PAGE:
Chicago, Ill.

I gather that peace will come on the earth only when “Jesus puts all his enemies under his feet,” and I summon up a picture of the “Prince of peace” standing on the necks of his victims, with blood dripping from his sword—the world become a desolation called “Peace.”

Buffalo, N. Y.

I just finished reading all of the April 13 issue … and I wish to express my approval of the content of the articles. Only wish that more people would wish to read such, especially General Wm. Harrison’s “The Search for Peace on Earth.” It is truly a masterpiece of what the true Christian should think regarding Communism.…

Mr. Smith … quotes Isaiah 2:1–4 and says, “… This … world peace will occur when two things have taken place on the earth: the establishment of the kingdom of God, and obedience to the laws of God.” … Why can he not realize that Isaiah was telling the people of his time about the coming of Christ. If those verses … will be examined closely it should be obvious that Isaiah is telling about Christ and also the goal that we as Christians should seek to attain (but of course never will while on this earth). In the final paragraph he is evidently still looking for “… the Prince of Peace … who will someday reign in the righteousness that humanity today disregards.” The “someday” is now for believers.

Pauma Valley, Calif.

I was very surprised to peruse the issue devoted to articles on peace and find not one written by a pacifist or even a sympathizer with this position.… We, as evangelicals, fight liquor and its traffic like the plague—yet the Scriptures have little to say on the subject. These same Scriptures abound with statements concerning the mandatory action of Christians toward the state, man, and God which can be fulfilled only by an active pacifism.… Shall the evangelical wing of Christianity continue to ignore them as … in the past?

Downs Congregational Church

Downs, Kans.

Show me the man who seriously puts himself to the task of reconciling men to God and man to man, who does not find himself already at work for world peace and too busy to meddle with the toys of survival.…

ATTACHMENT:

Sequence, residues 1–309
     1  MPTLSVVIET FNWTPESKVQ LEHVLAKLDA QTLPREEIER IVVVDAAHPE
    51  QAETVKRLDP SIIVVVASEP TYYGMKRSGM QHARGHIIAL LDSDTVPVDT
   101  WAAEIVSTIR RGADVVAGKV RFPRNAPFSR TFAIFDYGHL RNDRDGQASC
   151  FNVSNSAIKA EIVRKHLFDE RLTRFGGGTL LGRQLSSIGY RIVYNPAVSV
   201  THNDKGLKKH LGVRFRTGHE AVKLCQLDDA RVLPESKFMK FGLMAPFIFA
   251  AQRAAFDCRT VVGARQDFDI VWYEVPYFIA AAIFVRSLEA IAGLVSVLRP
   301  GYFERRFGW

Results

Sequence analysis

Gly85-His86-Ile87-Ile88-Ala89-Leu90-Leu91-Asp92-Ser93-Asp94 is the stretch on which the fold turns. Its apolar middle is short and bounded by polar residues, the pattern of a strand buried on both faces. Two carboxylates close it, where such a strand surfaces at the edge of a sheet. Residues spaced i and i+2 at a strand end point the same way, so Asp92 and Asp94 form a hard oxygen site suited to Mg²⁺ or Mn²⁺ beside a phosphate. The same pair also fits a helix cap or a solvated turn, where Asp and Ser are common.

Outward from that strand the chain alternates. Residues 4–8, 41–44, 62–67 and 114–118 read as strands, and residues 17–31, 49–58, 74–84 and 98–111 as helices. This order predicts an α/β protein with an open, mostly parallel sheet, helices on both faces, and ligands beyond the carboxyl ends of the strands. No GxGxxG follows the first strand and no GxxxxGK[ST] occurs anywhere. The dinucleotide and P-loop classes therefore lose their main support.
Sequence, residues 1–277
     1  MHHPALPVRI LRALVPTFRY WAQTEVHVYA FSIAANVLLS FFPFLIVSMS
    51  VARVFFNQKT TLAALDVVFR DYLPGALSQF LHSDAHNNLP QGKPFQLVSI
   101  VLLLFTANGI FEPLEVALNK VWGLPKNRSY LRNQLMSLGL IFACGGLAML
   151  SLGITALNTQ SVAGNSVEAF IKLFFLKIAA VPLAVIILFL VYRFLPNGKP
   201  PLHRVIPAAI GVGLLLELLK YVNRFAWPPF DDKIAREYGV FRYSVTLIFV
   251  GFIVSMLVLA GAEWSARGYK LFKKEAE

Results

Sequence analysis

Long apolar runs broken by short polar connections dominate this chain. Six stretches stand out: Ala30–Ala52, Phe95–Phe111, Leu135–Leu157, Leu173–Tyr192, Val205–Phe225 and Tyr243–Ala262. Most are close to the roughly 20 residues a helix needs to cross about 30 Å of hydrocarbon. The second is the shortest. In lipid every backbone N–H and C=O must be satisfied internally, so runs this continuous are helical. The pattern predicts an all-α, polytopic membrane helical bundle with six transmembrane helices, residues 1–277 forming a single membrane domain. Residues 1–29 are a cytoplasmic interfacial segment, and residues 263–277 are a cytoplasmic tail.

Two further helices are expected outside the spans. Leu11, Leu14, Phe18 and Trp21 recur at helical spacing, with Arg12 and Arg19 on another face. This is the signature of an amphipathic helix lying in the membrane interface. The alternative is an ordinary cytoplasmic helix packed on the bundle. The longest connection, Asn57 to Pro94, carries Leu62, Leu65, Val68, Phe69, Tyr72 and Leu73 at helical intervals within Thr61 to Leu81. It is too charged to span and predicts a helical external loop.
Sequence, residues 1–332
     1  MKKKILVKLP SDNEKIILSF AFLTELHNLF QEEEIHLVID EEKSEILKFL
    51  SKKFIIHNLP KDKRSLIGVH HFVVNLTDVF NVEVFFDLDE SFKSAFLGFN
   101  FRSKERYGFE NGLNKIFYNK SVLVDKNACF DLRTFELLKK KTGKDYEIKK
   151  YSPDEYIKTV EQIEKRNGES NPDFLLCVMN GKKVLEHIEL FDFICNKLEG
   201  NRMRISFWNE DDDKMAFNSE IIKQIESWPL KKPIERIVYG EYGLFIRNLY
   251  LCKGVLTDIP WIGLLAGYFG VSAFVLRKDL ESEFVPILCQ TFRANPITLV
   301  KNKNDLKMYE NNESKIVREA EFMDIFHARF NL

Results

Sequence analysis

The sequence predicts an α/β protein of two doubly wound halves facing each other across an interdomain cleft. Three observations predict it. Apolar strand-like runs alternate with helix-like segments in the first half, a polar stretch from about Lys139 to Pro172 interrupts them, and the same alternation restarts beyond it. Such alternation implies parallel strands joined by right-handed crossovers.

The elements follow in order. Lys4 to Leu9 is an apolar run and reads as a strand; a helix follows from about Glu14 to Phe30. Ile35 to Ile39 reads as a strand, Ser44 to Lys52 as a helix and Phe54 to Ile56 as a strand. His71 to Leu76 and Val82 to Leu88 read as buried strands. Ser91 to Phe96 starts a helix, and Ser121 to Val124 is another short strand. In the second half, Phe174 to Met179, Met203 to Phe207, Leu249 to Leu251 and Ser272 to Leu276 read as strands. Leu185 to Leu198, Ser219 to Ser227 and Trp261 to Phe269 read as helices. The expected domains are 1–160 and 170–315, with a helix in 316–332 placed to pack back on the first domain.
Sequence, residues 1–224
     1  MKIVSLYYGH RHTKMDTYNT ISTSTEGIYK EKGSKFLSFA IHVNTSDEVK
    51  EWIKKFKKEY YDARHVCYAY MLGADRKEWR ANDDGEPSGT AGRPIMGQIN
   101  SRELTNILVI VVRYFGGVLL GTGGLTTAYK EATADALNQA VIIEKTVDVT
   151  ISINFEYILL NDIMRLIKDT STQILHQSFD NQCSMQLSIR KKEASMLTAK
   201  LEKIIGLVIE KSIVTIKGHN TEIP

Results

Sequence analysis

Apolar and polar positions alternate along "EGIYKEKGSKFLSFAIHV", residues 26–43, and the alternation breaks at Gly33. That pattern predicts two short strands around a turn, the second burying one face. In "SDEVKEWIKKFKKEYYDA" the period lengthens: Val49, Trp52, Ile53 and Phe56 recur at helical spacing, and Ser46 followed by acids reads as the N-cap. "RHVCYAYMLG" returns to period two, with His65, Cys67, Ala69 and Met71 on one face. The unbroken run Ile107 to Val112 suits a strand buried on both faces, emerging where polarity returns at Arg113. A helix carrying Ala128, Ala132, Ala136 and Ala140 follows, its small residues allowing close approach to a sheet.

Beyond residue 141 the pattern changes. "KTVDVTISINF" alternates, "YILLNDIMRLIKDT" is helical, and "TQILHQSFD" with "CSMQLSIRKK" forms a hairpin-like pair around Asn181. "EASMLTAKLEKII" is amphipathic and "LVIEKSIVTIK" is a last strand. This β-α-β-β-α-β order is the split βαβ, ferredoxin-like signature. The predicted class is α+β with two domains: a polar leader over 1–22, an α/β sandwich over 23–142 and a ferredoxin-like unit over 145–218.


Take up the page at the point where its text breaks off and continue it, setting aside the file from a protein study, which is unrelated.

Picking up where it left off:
Greeley, Colo.

Congratulations on your issue of April 13.… There are those within the National Council of Churches and without who believe that God expects us to work for peace. The United Nations seems to me to be the logical organization through which to work for international cooperation and understanding. It is significant that both President Eisenhower and Vice-President Nixon have publicly stated their belief that there can be no world peace without world law. This idea has been endorsed by the late pope, Premier de Gaulle, Premier Macmillan, Adlai Stevenson and others.

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St. Paul’s Episcopal Church

Chester, Pa.

Your articles concerning communism and its infiltration get better and more revealing each time. Continue to expose leftists, defeatists, pacifists, and communists. If as much time was being spent today upholding the United States and biblical righteousness as there is being spent to gain recognition for Red China, we would have a free and democratic world. Men and women with enough intestinal fortitude to cry “give me liberty or give me death” are needed today. If we are not willing to sacrifice and stand unitedly against the Communists and atheists, then no longer will we have a government of the people, by the people, and for the people, but will become enslaved (and possibly slaughtered) under a “one-world government” directed from Moscow.

It is better to die for something, than to live the life of a compromiser.

Northside Wesleyan Methodist Church

Chamblee, Ga.


The two articles about women in the churches (Apr. 27 issue) are good but puzzling.

Why is Paul a greater authority than Christ? Christ commissioned women to declare the Gospel, and they were the first ones to do so (Matt. 28:1–10; Mark 16:1–8; Luke 24:1–27; John 20:1–18). Regardless of the status of women then, no writer of the Gospels tried to make the accounts of the event fit the customs of the times, nor did they try to write back into the account the ideas of Paul. Christ made the women his spokeswomen. It was the content of their message which became the apostles’ preaching.

It is worth noting that The Authentic New Testament, a translation by Hugh J. Schonfield, a Jewish scholar, renders the passage in 1 Corinthians 14:34 this way: “As is the practice in all the communities of the saints let the married women keep silence in the communities.”

I am not a feminist. I shall never crusade for women ministers. Having refused full-time Christian service for 10 years, I finally decided I’d have to find out if that was God’s will for me.… While I hadn’t been sure of the call to serve, I could see the Lord’s hand in removing obstacles once I gave him direction of my life.… Finally I knew that parish ministry was the place for me. First Congregational

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Assoc. Minister

Kalamazoo, Mich.